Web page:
[This post is courtesy of Phillip Jensen, Dean of St Andrew’s Cathedral in Sydney.]
Because ministers are the recipients of congregational giving they are hesitant to raise the issue of money. It is a hesitancy felt by both the congregation and the clergy.
Some ministers are concerned about church budget and press the issue too often and too hard. Others feel the apparent self-interest of raising the issue and so avoid it altogether. Some congregations are never taught about giving and others feel bombarded about money every time they come to church.
However, this tension confuses the subject of our giving with the object of our giving—or the gift of giving with the recipient of the gift. It confuses the questions of why, what and how we give with the issue of where best to direct our giving. It is the confusion of the long-term principle of gracious giving with the short-term immediate need for financial assistance.
It is important that we regularly discuss the whole issue of the Christian use of money rather than only mentioning money when we want to address the current needs of a financial crisis. So, while there is a current financial need within the Cathedral ministry, this article is not about that need. Rather it is about the much more important principle of Christian giving.
In the Old Testament, God’s people gave a tenth (a ‘tithe’) of all their produce to God in response to his blessings to them. The idea of the tithe is first seen with Abraham and Jacob (Genesis 14 and 28) and is then made explicit and obligatory in the Law of Moses. While required of the people, it was to be given generously with much rejoicing, not with begrudging legalism (Numbers 18, Deuteronomy 12, 14, 26, 2 Chronicles 31, Malachi 3). These tithes were collected to provide for God’s work—for the priests, Levites, widows and orphans.
New Testament believers also responded to God’s blessings with generosity. We have received God’s ultimate generous gift in the death of his Son, who though he was rich, yet for our sake became poor, so that through his poverty we might become rich (2 Cor 8:9). And we respond to his love by loving him and our neighbours.
The Philippians were the model Christians in this response of generosity. They begged for the privilege to give. Though not wealthy, they gave out of their poverty, not only their money but also themselves (2 Cor 8:1-7). They gave to the poor of the Judean famine, but also to the apostle in his preaching ministry. Paul wrote of their gifts to him as an offering acceptable to God (Phil 4:18).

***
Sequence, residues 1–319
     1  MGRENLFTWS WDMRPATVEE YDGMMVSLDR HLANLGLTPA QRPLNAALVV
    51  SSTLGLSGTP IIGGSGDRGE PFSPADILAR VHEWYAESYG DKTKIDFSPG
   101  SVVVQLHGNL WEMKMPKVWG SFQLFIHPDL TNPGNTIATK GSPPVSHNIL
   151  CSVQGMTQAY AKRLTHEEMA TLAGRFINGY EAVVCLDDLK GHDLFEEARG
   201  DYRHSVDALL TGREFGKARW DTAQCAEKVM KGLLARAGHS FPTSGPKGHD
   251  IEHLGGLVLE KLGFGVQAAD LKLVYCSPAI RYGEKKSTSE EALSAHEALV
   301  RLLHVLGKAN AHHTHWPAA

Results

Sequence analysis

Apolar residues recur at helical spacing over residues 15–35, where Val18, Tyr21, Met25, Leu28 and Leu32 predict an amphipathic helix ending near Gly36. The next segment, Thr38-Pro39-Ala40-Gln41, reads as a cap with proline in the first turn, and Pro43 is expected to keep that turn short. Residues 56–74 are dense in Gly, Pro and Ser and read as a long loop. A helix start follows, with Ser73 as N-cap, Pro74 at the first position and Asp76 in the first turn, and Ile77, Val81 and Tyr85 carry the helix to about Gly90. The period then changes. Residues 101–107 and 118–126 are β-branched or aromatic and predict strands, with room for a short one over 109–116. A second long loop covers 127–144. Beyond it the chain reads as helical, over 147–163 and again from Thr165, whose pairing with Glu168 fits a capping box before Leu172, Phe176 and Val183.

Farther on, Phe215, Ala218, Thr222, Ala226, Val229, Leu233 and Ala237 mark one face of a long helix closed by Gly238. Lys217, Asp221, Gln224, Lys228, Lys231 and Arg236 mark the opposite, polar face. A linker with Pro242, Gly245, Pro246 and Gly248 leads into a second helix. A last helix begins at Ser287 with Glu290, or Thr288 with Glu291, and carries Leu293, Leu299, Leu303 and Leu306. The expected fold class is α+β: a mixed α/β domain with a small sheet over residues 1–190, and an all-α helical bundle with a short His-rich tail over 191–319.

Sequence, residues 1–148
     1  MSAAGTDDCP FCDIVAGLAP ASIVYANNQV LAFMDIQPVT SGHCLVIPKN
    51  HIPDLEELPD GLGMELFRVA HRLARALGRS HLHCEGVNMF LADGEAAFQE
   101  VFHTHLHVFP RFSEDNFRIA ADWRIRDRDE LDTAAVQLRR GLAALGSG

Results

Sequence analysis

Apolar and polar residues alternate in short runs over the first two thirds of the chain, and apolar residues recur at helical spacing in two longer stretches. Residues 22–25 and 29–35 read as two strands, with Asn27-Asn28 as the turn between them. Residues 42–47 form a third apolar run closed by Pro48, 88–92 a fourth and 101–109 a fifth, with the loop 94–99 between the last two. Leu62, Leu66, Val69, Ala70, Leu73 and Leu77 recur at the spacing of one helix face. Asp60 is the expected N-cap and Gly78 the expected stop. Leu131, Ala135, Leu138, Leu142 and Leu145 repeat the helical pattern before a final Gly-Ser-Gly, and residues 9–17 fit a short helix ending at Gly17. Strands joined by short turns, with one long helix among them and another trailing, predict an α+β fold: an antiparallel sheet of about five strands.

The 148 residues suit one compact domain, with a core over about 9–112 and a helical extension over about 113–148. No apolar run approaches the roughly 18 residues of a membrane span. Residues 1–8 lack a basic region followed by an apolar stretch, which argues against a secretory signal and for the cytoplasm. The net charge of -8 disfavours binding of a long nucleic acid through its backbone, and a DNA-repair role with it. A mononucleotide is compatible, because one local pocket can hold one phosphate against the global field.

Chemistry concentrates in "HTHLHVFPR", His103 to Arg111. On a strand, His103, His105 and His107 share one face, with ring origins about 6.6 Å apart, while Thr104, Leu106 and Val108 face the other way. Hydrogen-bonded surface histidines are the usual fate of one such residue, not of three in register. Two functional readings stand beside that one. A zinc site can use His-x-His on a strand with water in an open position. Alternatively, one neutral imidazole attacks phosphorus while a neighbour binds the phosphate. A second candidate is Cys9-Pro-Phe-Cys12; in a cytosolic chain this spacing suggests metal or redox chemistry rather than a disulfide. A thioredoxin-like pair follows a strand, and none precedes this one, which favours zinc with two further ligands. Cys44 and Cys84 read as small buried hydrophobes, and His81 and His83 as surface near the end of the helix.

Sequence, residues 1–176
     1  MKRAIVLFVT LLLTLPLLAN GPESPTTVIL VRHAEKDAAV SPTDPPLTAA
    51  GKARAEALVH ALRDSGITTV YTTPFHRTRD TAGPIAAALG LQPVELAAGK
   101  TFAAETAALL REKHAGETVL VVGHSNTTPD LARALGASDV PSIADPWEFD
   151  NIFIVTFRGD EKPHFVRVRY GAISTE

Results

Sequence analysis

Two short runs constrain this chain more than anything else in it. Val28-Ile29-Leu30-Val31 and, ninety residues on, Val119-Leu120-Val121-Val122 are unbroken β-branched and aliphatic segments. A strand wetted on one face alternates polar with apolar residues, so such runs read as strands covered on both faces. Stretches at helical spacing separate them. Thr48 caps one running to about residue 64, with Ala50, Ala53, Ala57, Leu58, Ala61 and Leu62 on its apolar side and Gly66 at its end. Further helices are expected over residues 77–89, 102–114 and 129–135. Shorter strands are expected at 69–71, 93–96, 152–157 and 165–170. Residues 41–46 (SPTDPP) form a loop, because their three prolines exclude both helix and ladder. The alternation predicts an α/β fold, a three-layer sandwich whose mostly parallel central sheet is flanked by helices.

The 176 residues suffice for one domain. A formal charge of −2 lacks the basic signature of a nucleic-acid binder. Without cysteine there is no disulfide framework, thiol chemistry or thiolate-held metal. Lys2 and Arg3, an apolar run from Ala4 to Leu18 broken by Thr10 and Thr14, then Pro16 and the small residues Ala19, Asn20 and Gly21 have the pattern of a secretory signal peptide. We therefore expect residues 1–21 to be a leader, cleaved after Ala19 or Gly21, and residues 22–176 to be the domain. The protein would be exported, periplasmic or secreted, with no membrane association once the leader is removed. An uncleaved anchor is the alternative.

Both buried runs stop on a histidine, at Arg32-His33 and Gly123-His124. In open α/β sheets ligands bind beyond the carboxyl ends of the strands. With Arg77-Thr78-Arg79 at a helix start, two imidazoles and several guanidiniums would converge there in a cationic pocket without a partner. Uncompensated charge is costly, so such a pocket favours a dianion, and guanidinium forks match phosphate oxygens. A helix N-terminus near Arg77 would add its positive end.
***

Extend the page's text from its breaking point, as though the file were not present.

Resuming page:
Their giving was “the grace of God”. It is this act of grace that Paul commends to the Corinthians (2 Cor 8:7). This is why ministers must teach on the subject: not to raise money but to bless the congregation. For generosity lies at the heart of the Christian message. The gospel is all about God’s generosity—his grace—given freely to us. And it is to be met by our response of generosity—giving ourselves “first to the Lord and then by the will of God to us”, wrote the apostle (2 Cor 8:5). Grace befits the Christian as do love and forgiveness. We are saved by grace to be gracious, saved by generosity to be generous—not just with our money but with our very selves.
Christians are, and are not, under compulsion to give. Our compulsion is spiritual not social. We are not under a social or legal compulsion to give but we are under a spiritual compulsion. So Paul can write to the Corinthians, “Each one must give as he has decided in his heart, not reluctantly or under compulsion, for God loves a cheerful giver” (2 Cor 9:7). Yet he knew of the “love of Christ” that compelled or controlled him to give his life for Christ and for others (2 Cor 5:14-15). The Christian obligation to give is not a tax—but a gift. Our obligation to give does not come in terms of law or punishment for failure but in response to Christ’s love for us. We do not give to be seen by others (Matt 6:1-4) but because we are the children of the God of all grace.
So, “How much should we give?” is a strange question for a Christian to ask. In terms of our regular income a tenth is a good starting point. But that is just the starting point rather than a legal figure we must absolutely stick to. Generosity goes way beyond tithing. A more fundamental question to ask is: “How much have we received from the Lord?” For Jesus’ principles are, “Every one to whom much was given, of him much will be required” (Luke 12:48), and “whoever sows sparingly will also reap sparingly, and whoever sows bountifully will also reap bountifully” (2 Cor 9:6).
A better question is, “What does God want me to do with the money he has given to me?” The fact that I have “earned it” does not exclude it from God’s gift to me or from my opportunity to use it generously for the benefit of others. The Christian thief is to stop stealing and start honest working with his hands “so that he may have something to share with anyone in need” (Eph 4:28).
So far I have not addressed the questions: “Where should I direct my giving?”, or “To which needy cause should I be generous?” That’s in my next article. In the meantime, it is more important that Christians give than which cause they give to.
And it is important that ministers teach about giving so as not to rob the congregation. For the real beneficiary of the gift is not the minister but the Christian—the donor is also the recipient. As Jesus himself taught, “It is more blessed to give than to receive” (Acts 20:35). In giving we become like God—the God of all grace who loves the cheerful giver.